Seven Israeli Arabs allegedly affiliated with al-Qaida and global jihad terrorist elements were indicted on Monday for allegedly murdering a Jewish taxi driver last year and carrying out a string of attacks against Jews and Christians.

The seven, ranging in age from 19 to 26, were arrested by the Shin Bet (Israel Security Agency) and Israel Police in recent weeks.

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“This is one of the most dangerous cells we have ever uncovered,” Dep.-Cmdr. Avi Elgrisi, head of the Amakim District police’s Central Unit said Monday. The investigation, he said, had initially focused on two suspects before being widened to include a total of seven. He added that police expected additional arrests.

The seven said they had founded a group called Aljahabiyya and claimed to follow Salafism, a radical branch of Sunni Islam.

Aljahabiyya was formed two years ago and the suspects confessed to having been inspired by al-Qaida.

The group used the Internet to learn about weapons and to download instructions on the manufacture of improvised explosive devices. It also downloaded al- Qaida propaganda movies and speeches by Osama bin Laden.

“They accessed the Internet for jihadi ideology and indoctrination, and used it as an information source to listen to extremist clerics,” Elgrisi said.

Three of the suspects allegedly involved in the murder

Three of the suspects were allegedly involved in the murder of taxi driver Yafim Weinstein on November 30, 2009. During their interrogations, they confessed to having summoned a taxi to a kibbutz near Nazareth, where one shot Weinstein and the others assisted in disposing of the evidence.

Following their arrest, the three reenacted the murder and led investigators to where they had hid the murder weapon.

Weinstein, 54, a Nazareth Illit resident, was found dead in his cab outside Kibbutz Kfar Hahoresh. He left behind a wife, children and a grandchild. Details of the investigation were under a gag order until Monday morning.

The Shin Bet also found that after the murder, two of the suspects had attempted to travel to an al-Qaida training camp in Somalia to join the fighting against what they termed Christian “heretics,” as well as against the US. The two, however, were barred from entering Somalia through its border with Kenya.

Three others planned to kidnap a Nazareth resident and behead him on video, but did not do so. Elgrisi said that they had even dug a grave for a Christian man they said “insulted the prophet Muhammad.” The men also threw stun grenades and Molotov cocktails at Jewishand Christian-owned businesses and homes in the town. They burned Christian tour buses and dealt in the selling of arms as well.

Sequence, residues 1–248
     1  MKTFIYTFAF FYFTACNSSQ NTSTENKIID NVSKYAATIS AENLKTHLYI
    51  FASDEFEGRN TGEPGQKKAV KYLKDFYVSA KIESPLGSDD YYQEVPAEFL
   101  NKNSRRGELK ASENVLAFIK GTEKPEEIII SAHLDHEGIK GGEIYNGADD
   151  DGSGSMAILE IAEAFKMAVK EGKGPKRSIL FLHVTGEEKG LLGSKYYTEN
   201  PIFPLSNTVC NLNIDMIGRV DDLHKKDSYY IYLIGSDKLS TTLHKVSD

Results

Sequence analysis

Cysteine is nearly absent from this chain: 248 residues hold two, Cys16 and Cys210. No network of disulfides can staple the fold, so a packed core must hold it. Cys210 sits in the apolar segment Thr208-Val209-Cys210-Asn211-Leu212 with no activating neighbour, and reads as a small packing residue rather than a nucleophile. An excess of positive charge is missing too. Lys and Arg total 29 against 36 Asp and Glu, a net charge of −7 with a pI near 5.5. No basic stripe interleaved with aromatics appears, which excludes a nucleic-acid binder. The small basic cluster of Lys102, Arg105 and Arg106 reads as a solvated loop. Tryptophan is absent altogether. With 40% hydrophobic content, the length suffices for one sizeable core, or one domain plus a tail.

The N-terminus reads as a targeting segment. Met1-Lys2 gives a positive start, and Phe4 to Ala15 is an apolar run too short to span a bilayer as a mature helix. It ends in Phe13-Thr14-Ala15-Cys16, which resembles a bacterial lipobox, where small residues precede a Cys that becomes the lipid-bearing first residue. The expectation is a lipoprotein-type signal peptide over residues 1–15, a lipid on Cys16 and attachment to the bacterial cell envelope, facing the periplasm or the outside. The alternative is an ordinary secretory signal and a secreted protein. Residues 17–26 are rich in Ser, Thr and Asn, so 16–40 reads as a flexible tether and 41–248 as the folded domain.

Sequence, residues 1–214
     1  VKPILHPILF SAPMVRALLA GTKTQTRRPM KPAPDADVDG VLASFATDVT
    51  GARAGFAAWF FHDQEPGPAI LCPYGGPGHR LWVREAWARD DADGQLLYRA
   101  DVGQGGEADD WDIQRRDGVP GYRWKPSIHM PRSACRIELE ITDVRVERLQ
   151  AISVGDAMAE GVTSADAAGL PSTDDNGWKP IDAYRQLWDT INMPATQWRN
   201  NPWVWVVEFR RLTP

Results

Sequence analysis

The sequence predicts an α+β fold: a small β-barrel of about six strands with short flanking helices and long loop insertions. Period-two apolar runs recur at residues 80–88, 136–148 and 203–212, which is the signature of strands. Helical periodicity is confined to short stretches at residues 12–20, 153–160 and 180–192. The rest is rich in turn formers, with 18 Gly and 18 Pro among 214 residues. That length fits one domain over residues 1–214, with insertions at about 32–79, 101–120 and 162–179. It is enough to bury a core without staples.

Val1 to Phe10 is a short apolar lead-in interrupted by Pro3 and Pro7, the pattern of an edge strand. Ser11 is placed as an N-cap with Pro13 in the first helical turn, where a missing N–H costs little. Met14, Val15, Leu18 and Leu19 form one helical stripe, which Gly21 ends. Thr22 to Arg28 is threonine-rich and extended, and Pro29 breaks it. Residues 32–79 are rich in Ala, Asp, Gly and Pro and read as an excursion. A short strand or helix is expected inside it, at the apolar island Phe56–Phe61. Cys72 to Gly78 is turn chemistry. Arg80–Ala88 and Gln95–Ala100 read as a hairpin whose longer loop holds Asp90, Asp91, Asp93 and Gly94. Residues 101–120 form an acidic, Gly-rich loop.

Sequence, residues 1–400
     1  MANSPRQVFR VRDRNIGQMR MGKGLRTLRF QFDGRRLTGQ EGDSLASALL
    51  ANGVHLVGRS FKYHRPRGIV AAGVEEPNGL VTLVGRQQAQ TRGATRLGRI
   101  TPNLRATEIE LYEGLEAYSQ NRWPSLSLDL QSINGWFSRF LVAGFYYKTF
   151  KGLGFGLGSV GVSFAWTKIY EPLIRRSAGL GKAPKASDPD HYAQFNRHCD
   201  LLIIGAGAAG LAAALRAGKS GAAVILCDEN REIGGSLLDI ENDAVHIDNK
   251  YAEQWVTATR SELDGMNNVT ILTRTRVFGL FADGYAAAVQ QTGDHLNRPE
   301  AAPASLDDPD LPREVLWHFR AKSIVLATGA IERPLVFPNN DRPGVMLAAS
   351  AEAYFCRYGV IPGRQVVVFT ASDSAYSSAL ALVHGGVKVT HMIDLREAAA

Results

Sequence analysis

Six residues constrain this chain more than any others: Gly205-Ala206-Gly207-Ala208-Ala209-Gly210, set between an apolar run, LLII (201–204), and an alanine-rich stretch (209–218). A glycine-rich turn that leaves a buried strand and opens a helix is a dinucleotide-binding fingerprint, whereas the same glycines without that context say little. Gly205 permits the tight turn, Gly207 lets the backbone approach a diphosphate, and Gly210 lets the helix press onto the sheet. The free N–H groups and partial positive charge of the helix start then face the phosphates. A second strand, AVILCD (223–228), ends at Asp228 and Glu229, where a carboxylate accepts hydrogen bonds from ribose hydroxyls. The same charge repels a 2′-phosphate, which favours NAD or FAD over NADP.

In addition, they stabbed a pizza delivery man in Nazareth Illit, stealing his scooter and NIS 100.

“We are searching for criminals who sold weapons to the suspects,” Elgrisi said.

“Security suspects will also be arrested.”

During a remand hearing held for the suspects at the Nazareth District Court, defense attorneys said the confessions had been extracted through coercion and claimed that their clients had traveled to Somalia “for a trip.” The suspects, some of them bearded, smiled and waved at supporters as they were led to the courtroom in handcuffs.

Asked by a reporter if they hated Christians and Jews, one suspect replied by declaring “Long live bin Laden.”

In April 2009, Elgrisi led an investigation into a terror cell made up of six Israeli Arabs and a Beduin from the North that had reached an advanced stage in a plot to carry out an attack on Israelis. The cell had prepared several explosive devices and simulated the kidnapping of soldiers while engaging in Internet communications with a terror operative based in Gaza known as “Abu Kassam.”

The cell filmed its preparations, Elgrisi said last year, adding that in one exercise, a member pretended to be an IDF soldier while the remainder of the group practiced abducting him.